The many programmes and the many poor

Social Watch Nigeria

Despite various attempts to combat poverty through government programmes, 70% of the population continue to live on less than USD 1 a day. Women face prejudice and traditional practices which limit their access to credit and land and make it nearly impossible to escape from poverty. The question now is whether the 5 year-old National Poverty Eradication Programme and the new National Economic Empowerment and Development Strategy can make real progress or whether these programmes will also be sabotaged by corruption and over-bureaucratization like others in the past.

Poverty and gender equality

Poverty and gender inequality are inextricably linked in Nigeria, with both being widespread throughout the country. Poverty reinforces gender inequality and gender inequality accentuates poverty. This invariably means that gender equality can be used as a weapon to tackle poverty and that so long as inequality remains widespread, poverty will remain an intractable obstacle to the achievement of the international objectives contained in the Copenhagen Declaration on Social Development and the Millennium Development Goals.

Poverty in Nigeria goes beyond living on less than USD 1 a day. Given the cost of living in the country, USD 1 (NGN 132.85) is grossly insufficient to take care of the basic necessities of food, water and transportation even if we assume that other necessities such as shelter, clothing, and healthcare do not require financial resources on a daily basis. Yet officially 70% of the country’s population live on less than USD 1 a day.[1]

Manifestations of poverty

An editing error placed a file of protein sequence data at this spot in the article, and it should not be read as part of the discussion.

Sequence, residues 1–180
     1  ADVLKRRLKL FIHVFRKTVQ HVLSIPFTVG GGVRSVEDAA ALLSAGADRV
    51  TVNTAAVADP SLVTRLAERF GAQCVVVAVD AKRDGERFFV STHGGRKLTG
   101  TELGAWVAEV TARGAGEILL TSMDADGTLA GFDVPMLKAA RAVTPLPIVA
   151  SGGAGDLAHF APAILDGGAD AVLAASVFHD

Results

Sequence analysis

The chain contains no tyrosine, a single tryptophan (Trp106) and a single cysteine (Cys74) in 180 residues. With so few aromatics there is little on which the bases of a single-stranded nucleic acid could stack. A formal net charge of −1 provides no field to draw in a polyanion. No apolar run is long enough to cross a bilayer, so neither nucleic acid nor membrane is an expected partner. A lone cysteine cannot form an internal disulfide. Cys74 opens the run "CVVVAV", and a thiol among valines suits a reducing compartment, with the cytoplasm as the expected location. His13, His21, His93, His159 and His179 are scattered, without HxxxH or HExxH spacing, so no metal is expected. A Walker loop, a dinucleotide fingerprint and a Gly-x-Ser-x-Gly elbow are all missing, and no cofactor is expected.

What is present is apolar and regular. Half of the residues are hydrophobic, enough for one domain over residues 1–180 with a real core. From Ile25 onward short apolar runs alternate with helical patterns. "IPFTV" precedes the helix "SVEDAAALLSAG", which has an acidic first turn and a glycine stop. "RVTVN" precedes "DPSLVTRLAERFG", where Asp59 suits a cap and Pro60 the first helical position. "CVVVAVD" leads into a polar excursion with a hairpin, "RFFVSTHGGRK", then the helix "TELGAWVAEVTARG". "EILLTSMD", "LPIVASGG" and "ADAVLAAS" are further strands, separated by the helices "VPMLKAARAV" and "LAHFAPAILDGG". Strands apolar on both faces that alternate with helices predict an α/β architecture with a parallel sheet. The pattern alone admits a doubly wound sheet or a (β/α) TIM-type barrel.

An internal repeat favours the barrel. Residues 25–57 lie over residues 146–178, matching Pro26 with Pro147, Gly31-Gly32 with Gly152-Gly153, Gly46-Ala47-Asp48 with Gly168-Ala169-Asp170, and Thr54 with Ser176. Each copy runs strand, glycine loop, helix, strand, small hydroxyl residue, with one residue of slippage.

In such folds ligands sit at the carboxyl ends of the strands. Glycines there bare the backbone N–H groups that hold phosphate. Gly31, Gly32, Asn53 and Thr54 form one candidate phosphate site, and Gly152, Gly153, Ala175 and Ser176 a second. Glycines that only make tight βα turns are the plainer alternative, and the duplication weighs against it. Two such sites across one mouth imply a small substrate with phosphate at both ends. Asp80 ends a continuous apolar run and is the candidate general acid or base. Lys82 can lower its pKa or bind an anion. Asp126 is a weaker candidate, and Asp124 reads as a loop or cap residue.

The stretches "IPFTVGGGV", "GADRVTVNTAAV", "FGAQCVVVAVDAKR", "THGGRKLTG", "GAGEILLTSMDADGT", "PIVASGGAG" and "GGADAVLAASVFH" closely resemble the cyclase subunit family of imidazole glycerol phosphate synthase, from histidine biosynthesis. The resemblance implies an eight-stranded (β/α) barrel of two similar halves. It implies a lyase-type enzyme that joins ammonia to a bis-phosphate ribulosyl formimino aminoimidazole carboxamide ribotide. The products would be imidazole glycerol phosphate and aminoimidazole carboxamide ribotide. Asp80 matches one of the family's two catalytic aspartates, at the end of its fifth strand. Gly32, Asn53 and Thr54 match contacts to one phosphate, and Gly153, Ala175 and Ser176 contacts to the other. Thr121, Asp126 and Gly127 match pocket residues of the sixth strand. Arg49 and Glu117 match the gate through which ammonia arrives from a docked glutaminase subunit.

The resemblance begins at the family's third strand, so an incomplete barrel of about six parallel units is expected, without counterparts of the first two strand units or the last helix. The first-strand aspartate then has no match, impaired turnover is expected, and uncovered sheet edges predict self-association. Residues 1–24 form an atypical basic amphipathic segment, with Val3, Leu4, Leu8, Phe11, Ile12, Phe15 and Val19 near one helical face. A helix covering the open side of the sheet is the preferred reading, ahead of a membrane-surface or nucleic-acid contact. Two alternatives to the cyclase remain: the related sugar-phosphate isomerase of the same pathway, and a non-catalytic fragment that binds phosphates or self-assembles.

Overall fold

Hunger is the most glaring evidence of poverty in the country with many people unable to afford a daily balanced diet. Nigeria’s Human Development Report indicates that the very poor spend 75% of their total income on food.[2] The United States Agency for International Development reports that “Poor nutrition invariably leads to widespread illnesses and disease, both made acute by poor health care”.[3] Poverty also manifests itself in lack of access to food and water, education, adequate health care, adequate housing, employment and political participation. Poverty makes it difficult for people to participate effectively not only in political but also cultural, social, economic and other activities. Therefore marginalized people do not contribute to policies and decisions which shape their lives and communities.

Attempts to tackle poverty

There have been a number of initiatives aimed at tackling poverty. These include the National Poverty Eradication Programme (NAPEP), the Directorate of Food, Roads and Rural Infrastructure, the Agricultural Credit Guarantee Scheme, Better Life for Rural Dwellers, Operation Feed the Nation and universal primary education. The poverty situation referred to above illustrates that these and other programmes have failed to achieve their objectives. Their failures can be attributed to “decades of corruption and mismanagement especially during the military administrations.”[4] These “previous poverty reduction programmes did not reach the poor; they were opportunities to provide ‘a job for the boys’, distribute patronage, and promote parochial interests.”[5]